• In 2017, the quilting industry was worth over $3.5 billion dollars. That’s a lot of happy quilters buying lots of fabric!!

If you’re already a quilter, think of something special to do on Worldwide Quilting Day.  If you’d like to give quilting a try, March 20 is the perfect day to start.  I think I’d better walk the talk and start a new project myself!  And be very happy at the same time. Maybe while eating some ravioli. 🙂



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19 Responses to Everybody had better start preparing for Saturday, March 20.  It’s a big day!

  1. This post has inspired me to get out my quilting supplies and work on at least a square. I am a beginner but love it all the same, when I can find time. I miss quilt shows. My husband and I used to go to them before the pandemic. We even took the kids with us when they were little to quilt shows and events. I need to find those old photos and maybe do a post for you all Saturday…along with a link to this post of yours with all the history and information on quilts. Can you tell I love quilts, little bit of a fanatic. You know, I was just thinking that I have never seen quilted facemasks. How cool would that be?

    • Jane Fritz says:

      Quilted face masks, why didn’t I think of that?! I’m not surprised you like quilts, LRH, they embody so much of the joy in crafting that you love. I also miss quilt shows; so many creative ideas and talent on display, with so much variety. Sigh. Maybe by next year! 😊

  2. Early wishes for a happy day, a super spring, the best of raviolis, and your most amazing quilt to date!

  3. LA says:

    Beautiful quilts!

  4. Your quilts are beautiful! I always wanted to make a quilt, the closest I got was making one out of leftover fabric from sewing projects. My “pattern” was very basic, squares… and, unfortunately, I did not plan out the positioning of the various squares. Nevertheless, I was proud of my accomplishment and I gained a whole new appreciation for those who can actually plan and create a work of art in this manner. Bravo to you!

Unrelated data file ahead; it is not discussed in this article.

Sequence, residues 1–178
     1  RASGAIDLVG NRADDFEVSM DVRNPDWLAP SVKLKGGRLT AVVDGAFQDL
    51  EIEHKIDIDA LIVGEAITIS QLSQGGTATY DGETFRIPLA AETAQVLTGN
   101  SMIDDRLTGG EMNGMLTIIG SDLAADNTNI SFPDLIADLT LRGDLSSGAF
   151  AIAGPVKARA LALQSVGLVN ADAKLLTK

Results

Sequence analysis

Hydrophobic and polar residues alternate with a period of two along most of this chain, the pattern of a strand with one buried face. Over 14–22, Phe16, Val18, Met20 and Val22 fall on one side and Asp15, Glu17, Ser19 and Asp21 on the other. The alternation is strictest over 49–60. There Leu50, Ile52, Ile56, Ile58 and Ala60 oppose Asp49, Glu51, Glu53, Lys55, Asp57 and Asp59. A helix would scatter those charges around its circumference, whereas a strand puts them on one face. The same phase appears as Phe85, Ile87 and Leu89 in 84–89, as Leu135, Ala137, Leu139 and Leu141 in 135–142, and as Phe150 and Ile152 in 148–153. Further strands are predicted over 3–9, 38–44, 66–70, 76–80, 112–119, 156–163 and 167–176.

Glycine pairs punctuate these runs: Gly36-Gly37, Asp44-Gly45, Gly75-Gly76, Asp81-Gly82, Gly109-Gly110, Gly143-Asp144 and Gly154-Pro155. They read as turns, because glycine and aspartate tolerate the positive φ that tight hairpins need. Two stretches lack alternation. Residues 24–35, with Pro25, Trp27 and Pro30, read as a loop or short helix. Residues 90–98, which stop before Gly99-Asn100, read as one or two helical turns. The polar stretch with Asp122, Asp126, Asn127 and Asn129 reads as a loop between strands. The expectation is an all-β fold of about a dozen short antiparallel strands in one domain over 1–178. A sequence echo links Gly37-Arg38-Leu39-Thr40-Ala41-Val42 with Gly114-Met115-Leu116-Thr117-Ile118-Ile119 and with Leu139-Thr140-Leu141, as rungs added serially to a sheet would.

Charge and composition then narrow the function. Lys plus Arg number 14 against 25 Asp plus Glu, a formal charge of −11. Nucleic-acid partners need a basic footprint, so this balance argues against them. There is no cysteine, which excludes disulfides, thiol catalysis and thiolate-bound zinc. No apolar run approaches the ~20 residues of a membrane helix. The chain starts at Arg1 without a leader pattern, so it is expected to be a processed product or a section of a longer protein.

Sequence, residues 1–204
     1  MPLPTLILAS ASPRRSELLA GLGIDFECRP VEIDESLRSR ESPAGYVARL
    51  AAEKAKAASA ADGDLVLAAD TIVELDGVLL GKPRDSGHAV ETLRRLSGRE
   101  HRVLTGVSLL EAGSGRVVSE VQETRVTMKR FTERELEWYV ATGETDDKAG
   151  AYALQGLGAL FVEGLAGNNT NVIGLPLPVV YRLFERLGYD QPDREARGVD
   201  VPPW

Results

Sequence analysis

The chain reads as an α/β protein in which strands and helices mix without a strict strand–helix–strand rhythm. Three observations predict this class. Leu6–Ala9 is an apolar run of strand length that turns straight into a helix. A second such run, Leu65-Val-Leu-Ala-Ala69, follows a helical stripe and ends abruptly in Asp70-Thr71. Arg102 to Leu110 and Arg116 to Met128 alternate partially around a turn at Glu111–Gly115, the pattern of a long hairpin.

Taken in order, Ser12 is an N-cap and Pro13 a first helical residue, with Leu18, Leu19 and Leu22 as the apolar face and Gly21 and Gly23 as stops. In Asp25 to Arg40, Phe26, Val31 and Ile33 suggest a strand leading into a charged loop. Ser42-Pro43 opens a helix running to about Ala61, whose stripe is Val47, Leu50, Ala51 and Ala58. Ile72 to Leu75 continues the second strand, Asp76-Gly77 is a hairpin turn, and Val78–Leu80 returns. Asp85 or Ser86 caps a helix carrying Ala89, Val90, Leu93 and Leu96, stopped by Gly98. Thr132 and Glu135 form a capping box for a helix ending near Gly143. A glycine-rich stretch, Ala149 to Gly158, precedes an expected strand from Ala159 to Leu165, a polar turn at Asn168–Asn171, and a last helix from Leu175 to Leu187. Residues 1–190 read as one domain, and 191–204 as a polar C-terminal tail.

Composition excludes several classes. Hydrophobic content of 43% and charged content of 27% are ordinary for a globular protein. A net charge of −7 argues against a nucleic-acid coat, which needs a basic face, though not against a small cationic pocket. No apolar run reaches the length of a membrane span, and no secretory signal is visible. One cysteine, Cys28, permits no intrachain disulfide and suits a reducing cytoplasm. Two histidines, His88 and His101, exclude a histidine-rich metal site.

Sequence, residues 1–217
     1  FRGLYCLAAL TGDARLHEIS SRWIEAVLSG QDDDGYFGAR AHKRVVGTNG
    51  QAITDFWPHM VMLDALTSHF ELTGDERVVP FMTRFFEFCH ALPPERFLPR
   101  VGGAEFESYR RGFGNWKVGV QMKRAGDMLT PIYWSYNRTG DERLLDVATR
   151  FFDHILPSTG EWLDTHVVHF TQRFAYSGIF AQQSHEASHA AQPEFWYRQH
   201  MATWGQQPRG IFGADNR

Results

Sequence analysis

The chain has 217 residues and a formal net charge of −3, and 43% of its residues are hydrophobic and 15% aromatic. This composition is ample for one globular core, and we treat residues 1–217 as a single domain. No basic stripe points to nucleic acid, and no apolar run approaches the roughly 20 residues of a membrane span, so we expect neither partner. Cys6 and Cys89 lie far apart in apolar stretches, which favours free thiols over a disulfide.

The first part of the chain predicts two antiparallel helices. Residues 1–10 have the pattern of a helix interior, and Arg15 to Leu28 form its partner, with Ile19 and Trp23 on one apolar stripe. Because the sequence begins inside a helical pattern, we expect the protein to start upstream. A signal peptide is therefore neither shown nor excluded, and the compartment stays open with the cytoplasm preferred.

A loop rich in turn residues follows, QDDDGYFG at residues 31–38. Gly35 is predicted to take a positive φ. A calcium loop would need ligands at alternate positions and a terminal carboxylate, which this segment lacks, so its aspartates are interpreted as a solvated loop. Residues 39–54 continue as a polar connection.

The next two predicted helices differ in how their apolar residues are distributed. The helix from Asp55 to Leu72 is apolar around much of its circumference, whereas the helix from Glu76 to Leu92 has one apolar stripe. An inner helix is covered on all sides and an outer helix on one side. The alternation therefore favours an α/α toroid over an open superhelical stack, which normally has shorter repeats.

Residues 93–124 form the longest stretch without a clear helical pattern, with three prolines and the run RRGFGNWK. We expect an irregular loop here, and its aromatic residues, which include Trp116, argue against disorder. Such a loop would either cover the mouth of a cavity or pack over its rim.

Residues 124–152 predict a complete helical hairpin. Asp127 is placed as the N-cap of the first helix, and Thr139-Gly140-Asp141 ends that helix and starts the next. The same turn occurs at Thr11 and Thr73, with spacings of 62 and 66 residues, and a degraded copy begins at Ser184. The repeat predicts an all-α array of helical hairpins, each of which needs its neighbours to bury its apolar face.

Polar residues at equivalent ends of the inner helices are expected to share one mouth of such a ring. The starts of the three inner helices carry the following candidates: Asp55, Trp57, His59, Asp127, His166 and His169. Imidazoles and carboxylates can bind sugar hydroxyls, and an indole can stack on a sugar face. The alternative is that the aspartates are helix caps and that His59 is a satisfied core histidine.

• Jane Fritz says:

      Thank you, Sue Marie. Bravo on completing your first quilt; that IS an accomplishment. And every quilt you make is a learning experience. What works. What doesn’t. What you’d like to try next. So many lessons to be had!

  5. The quilts are awesome! I’ve never learned, but hope to do so one of these days. Quilts and ravioli and the first day of spring. How cool is that? I knew there must be something to look forward to this month 🙂

    • Jane Fritz says:

      Thanks, Debra. You’re pretty busy as it is, to say the least, but if you’re ever looking for new creative outlet, quilting is really fun and gives you a great sense of accomplishment when you (finally) finish a project.

      • Yes, and I’m so intrigued by the beautiful patterns and colours. We’ll see what the future brings 🙂 Writing and reading take up most of my time, but we’ll see if I expand my horizons down the road 🙂

  6. Inkplume says:

    You are one talented lady!

    • Jane Fritz says:

      Thank you, Linda. But the nice thing about quilting is that as long as you can use a sewing machine and sew a few hand stitches, you can make a quilt! 😊

  7. bernieLynne says:

    Definitely making ravioli that day and working on a Canada quilt for our new to use trailer. This post was just up my alley! Enjoy the day. I know I will.

    • Jane Fritz says:

      Bravo, Bernie. From now on I’m going to have to think of ravioli when I quilt! Your Canada quilt project sounds intriguing. You’ll have to ost about it as it comes to life.

      • bernieLynne says:

        I don’t have much of a stash but I fell in love with all the Canada 150 fabric. I can’t just quilt without a plan so the new trailer will become the repository for at least one if not three quilts. Still working on design and colours as we are just starting to redo the 12 year old trailer. Excited to try ravioli – my daughter has made it but we haven’t.

  8. AMWatson207 says:

    What talent!